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Hoffmann, R. A wiki for the life sciences where authorship matters. Nature Genetics (2008)

Facial expressiveness in patients with schizophrenia compared to depressed patients and nonpatient comparison subjects.

OBJECTIVE: Blunted affect is a major symptom in schizophrenia, and affective deficits clinically encompass deficits in expressiveness. Emotion research and ethological studies have shown that patients with schizophrenia are impaired in various modalities of expressiveness (posed and spontaneous emotion expressions, coverbal gestures, and smiles). Similar deficits have been described in depression, but comparative studies have brought mixed results. Our aim was to study and compare facial expressive behaviors related to affective deficits in patients with schizophrenia, depressed patients, and nonpatient comparison subjects. METHOD: Fifty-eight nondepressed inpatients with schizophrenia, 25 nonpsychotic inpatients with unipolar depression, and 25 nonpatient comparison subjects were asked to reproduce facial emotional expressions. Then the subjects were asked to speak about a specific emotion for 2 minutes. Each time, six cross-cultural emotions were tested. Facial emotional expressions were rated with the Facial Action Coding System. The number of facial coverbal gestures (facial expressions that are tied to speech) and the number of words were calculated. RESULTS: In relation to nonpatient comparison subjects, both patient groups were impaired for all expressive variables. Few differences were found between schizophrenia and depression: depressed subjects had less spontaneous expressions of other-than-happiness emotions, but overall, they appeared more expressive. Fifteen patients with schizophrenia were tested without and with typical or atypical antipsychotic medications: no differences could be found in study performance. CONCLUSIONS: The patients with schizophrenia and the patients with depression presented similar deficits in various expressive modalities: posed and spontaneous emotional expression, smiling, coverbal gestures, and verbal output.[1]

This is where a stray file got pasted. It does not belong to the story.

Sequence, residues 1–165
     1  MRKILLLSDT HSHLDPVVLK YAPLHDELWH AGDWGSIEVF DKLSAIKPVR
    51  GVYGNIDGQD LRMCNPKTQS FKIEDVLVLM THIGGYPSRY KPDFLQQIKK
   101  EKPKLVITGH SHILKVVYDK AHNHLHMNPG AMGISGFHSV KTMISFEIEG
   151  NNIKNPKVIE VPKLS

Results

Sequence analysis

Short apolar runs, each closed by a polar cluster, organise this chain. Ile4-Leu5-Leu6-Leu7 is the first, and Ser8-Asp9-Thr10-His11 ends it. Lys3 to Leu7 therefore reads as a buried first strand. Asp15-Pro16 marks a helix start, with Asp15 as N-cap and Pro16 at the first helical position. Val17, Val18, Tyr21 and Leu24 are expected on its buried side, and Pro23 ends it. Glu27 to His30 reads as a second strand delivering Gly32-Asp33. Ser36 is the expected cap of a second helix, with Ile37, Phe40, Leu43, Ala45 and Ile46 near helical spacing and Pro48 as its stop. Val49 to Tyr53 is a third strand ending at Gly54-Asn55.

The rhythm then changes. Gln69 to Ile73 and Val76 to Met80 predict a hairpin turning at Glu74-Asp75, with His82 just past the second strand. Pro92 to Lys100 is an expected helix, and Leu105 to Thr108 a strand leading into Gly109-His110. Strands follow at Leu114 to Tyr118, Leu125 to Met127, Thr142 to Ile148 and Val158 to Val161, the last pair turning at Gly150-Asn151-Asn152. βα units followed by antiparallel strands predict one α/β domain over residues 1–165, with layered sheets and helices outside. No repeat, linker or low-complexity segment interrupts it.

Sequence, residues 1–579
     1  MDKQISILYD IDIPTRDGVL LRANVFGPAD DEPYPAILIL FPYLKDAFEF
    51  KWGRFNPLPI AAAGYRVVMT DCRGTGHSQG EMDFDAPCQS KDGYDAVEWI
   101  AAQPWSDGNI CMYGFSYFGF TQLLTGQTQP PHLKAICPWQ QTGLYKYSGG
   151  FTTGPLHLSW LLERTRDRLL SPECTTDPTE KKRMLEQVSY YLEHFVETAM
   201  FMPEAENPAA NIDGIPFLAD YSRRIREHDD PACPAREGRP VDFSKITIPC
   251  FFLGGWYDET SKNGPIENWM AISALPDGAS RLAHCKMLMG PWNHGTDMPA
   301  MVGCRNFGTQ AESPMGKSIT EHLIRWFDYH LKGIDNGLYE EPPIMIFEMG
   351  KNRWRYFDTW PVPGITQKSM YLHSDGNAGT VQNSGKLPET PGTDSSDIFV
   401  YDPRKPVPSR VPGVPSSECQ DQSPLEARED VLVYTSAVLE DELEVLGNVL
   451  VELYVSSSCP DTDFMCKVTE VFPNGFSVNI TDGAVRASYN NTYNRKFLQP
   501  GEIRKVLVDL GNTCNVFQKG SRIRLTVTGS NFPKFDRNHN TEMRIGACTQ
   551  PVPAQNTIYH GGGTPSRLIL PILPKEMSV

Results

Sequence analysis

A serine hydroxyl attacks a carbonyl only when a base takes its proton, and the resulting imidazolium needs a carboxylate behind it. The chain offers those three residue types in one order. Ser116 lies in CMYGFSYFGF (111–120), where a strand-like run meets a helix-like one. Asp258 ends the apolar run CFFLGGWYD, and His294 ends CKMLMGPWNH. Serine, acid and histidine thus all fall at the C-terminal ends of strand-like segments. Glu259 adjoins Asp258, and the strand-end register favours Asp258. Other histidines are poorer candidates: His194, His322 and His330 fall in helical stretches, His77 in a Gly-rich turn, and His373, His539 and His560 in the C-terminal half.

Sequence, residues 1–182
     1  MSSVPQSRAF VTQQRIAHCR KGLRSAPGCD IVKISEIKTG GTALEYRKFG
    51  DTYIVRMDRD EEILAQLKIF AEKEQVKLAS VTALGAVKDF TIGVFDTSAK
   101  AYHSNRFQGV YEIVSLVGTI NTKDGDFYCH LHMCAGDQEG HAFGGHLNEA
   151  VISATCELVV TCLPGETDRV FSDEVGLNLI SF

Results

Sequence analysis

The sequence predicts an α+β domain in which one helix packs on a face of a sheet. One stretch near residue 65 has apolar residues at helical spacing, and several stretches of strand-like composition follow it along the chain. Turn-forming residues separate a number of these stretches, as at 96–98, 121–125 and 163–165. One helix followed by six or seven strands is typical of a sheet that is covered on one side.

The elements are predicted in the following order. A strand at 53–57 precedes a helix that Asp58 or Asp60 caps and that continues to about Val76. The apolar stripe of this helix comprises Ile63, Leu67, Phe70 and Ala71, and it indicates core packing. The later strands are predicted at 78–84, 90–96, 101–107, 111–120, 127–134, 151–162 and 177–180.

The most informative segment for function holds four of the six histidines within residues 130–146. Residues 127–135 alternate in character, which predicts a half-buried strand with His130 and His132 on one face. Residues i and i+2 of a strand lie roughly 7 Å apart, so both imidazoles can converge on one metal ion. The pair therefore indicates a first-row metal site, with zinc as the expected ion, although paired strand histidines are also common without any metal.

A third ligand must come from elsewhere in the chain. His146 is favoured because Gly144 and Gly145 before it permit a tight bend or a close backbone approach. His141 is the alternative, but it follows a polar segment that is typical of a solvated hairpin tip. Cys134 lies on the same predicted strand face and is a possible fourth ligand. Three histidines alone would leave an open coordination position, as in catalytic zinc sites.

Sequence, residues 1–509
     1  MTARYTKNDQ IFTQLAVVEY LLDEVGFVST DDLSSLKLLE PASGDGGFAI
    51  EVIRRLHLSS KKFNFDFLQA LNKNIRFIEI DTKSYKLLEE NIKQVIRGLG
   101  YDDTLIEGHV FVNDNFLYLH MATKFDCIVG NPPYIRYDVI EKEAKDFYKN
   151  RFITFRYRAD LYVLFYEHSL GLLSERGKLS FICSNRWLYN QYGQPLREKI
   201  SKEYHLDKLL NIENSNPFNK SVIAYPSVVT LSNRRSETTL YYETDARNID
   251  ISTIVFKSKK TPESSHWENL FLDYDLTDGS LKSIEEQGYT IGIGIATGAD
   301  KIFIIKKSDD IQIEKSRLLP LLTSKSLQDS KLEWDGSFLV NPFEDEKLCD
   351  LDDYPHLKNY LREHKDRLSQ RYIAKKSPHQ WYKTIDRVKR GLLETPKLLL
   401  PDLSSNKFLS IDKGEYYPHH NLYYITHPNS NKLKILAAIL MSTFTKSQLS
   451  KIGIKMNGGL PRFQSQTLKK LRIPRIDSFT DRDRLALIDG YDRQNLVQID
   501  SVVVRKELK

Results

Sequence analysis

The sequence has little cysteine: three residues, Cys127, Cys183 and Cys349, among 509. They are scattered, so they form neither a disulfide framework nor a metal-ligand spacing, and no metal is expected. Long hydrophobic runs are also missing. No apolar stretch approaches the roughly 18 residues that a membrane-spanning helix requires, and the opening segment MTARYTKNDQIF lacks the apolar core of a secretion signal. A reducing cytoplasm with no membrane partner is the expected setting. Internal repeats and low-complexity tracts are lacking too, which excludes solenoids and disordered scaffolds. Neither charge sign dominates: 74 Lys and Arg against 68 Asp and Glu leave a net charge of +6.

1. Facial expressiveness in patients with schizophrenia compared to depressed patients and nonpatient comparison subjects. Trémeau, F., Malaspina, D., Duval, F., Corrêa, H., Hager-Budny, M., Coin-Bariou, L., Macher, J.P., Gorman, J.M. The American journal of psychiatry. (2005) [Pubmed]
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